Weekly Wrap Up

“Light at the end of the tunnel.” - Eric Sprott on the week behind us. -Weekly Wrap Up (September 14, 2018)

Head Shot of Eric Sprott Weekly Wrap Up

Sept 14, 2018

Lots to talk about this week: Gold and Silver are both up, and things finally look like they might be turning around after five long months. You won’t want to miss this value-packed discussion, as Eric stops by to help us break down the latest happenings in the world of precious metals, including:

Why the dollar is on the verge of breaking down

Morgan Stanley’s surprising new recommendation

Plus: Eric answers listener questions

“The whole premise for gold going down, which is this phony premise about the strong dollar and that interest rates are going up, it’s just a narrative that covers for what’s going on in the paper market. It’s just a narrative, OK? The reality is that… we talked last week about India buying 100 tonnes of gold in August. I mean, that was an incredible purchase! … And various central banks have been buyers of gold… It’s like, man, there’s not going to be enough gold around. So, I think we’re looking good.”


To hear Eric’s full thoughts on these topics and more, listen here:


You are listening to, The Weekly Wrap Up on Sprott Money News.

Craig: Well, greetings once again from Sprott Money News and sprottmoney.com. It's Friday, September the 14th, 2018, and this, of course, is your weekly wrap up. I'm your host, Craig Hemke. And joining us, as usual, this morning is Eric Sprott himself. Eric, good morning.

Eric: Hey, Craig. Good morning. A little light at the end of the tunnel here. So a few things to chat about.

Craig: Let's hope so. Let's hope there is some light at the end of this five-month-long tunnel, that's for sure. And to celebrate that and the hopes that we are finding some type of bottom, Eric's pick of the month is a one ounce Britannia gold bar. So perhaps we'll start there. This is the first time that the Royal Mint has released bullion bars. The brand new Britannia gold bar are crafted on 49 pure gold and have a new Britannia design. You can get them of course at sprottmoney.com or you can call 888-861-0775. And what's fun is those little one-ounce gold bars are $9 more expensive than they were a week ago. We haven't said that very often lately. Gold's up $9 for the week, at least as we speak. And silver's ups eight cents. Are we finding a bottom, my friend?

Eric: Well, I think there's reason to think that. And of course, the thing that you and I talked about most often, is the commitment of traders report and the positioning of the commercials versus the technical funds. And the commercials have massively gone from being short to now being net long, which would suggest that the price of gold should go up here. And of course, it looks like it's bottoming. We were down to 1175 and today we're at whatever, 1205. So we've got a bit of a move here. Interestingly, the dollar, which you know, was strengthening, it's on the verge of breaking down here. I mean, as I read various technical guys, if it breaks through 9450, on the downside, the DXY, then you have a technical breakdown of a dollar, if you can imagine, with all this chatter about strength in the U.S. dollar and all that.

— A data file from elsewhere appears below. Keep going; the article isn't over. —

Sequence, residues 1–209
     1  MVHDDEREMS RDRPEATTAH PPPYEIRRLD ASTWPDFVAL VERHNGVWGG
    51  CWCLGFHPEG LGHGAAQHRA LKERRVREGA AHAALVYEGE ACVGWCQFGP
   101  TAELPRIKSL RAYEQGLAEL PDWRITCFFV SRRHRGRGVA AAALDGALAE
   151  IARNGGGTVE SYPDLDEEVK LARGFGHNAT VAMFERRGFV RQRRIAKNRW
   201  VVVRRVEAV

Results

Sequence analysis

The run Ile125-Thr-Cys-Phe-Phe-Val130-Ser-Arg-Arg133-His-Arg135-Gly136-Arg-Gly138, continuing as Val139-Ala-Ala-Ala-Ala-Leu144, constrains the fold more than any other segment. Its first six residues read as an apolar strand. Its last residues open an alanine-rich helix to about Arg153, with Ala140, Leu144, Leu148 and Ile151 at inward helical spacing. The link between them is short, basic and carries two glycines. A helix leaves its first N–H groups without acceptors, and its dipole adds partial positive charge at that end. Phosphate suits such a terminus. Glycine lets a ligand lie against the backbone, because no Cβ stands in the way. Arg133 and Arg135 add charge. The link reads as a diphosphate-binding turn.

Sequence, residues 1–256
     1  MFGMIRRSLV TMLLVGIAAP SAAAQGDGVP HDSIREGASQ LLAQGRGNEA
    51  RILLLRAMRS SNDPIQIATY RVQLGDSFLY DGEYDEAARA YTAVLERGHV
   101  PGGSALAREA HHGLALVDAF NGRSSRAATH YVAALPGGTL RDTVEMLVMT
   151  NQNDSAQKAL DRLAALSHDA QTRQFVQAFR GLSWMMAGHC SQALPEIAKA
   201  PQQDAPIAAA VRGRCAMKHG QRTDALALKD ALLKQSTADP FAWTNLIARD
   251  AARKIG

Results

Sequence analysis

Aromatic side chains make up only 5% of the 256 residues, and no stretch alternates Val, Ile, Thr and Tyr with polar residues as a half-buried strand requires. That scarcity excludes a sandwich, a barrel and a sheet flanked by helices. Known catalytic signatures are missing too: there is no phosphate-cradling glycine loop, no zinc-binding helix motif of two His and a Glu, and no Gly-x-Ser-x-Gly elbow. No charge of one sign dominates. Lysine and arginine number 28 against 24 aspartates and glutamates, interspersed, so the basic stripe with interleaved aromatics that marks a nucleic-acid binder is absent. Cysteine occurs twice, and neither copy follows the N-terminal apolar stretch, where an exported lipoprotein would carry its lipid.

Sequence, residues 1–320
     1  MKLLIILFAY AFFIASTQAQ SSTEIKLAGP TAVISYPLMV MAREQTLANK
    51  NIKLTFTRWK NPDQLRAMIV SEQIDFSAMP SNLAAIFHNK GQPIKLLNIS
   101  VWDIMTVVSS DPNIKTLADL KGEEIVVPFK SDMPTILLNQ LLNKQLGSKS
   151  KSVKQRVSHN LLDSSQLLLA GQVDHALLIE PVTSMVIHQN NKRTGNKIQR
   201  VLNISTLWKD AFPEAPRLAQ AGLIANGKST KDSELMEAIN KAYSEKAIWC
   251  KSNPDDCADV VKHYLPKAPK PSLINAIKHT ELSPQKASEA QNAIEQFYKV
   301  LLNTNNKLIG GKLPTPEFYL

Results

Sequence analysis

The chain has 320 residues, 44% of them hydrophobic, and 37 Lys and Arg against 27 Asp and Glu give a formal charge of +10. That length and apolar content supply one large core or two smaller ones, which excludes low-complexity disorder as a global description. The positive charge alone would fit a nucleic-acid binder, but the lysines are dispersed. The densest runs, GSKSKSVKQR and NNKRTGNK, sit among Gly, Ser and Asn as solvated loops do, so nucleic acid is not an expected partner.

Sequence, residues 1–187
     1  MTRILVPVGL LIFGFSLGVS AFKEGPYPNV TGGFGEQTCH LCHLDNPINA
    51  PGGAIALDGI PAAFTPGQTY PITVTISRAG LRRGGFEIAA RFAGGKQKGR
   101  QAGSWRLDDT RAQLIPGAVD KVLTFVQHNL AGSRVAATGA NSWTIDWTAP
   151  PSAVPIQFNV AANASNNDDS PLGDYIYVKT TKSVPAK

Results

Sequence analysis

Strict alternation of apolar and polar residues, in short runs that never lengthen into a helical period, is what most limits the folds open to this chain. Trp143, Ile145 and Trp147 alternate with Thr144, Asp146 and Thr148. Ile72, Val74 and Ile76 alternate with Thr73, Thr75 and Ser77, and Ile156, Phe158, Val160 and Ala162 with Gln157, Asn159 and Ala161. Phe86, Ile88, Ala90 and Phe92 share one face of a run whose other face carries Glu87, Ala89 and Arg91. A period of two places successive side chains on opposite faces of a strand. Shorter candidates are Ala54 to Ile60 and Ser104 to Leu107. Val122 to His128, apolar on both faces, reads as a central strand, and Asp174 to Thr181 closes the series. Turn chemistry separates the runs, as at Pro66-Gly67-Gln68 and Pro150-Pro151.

Meanwhile, it's weak and like, it's right on the cusp of breaking down here. And it could be that, for example, the world doesn't think that the rate hikes are coming. We had a retail sales number this morning that was I think up point one for the month. Like point one, excuse me, what kind of growth is that? So, do we really need to continue to clamp down here? And of course, we had the CPI and PPI were also weak. So, theoretically, there's no inflation. I don't believe those CPI and PPI numbers. But theoretically, from the Fed's perspective, there's no inflation. So there's lots of reasons to think that the bottom is in, and gold should rally. And I might mention that there's another sort of a shift that's going on. I noticed that of all people, Morgan Stanley, in their private wealth department came out and recommended by 3% to 5% weighting in gold.

Craig: What?

Eric: Now, he came out and recommended a 3% to 5% weighting of portfolios in gold.

Craig: Seriously. Wow.

Eric: Now, of course, they preface it by saying, well, we don't really believe in gold and it's not a long term investment and it doesn't really belong in portfolios. But for right now with the stock market being vulnerable, we suggest 3% to 5% investment in gold. I always find that interesting because I think gold and gold stocks represent about 1.5% of one 1% of all the equity in the world. So if you're going to try to put 3% to 5% of your portfolio in there, you're not going to be able to do it at these prices. So that was a very, very interesting thing to read that. And then the Goldfield Mineral Services, GFMS, who in my mind has been negative on gold forever, came out and thought gold prices would rally towards the year-end. So now I'm seeing two sort of big institutions in the financial business recommending gold. I mean, it's almost unheard of.

So, you know, maybe of course, they might also know that the commitment of traders report is suggesting that the prices should rally here because it's all set up for these big financial institutions to take another, you know, shot at the technical funds here. So I do believe that there's some very interesting developments and I think the Morgan Stanley and the GFMS thing is kind of a real significant macro change here. So, I think it's going to be quite uplifting for us.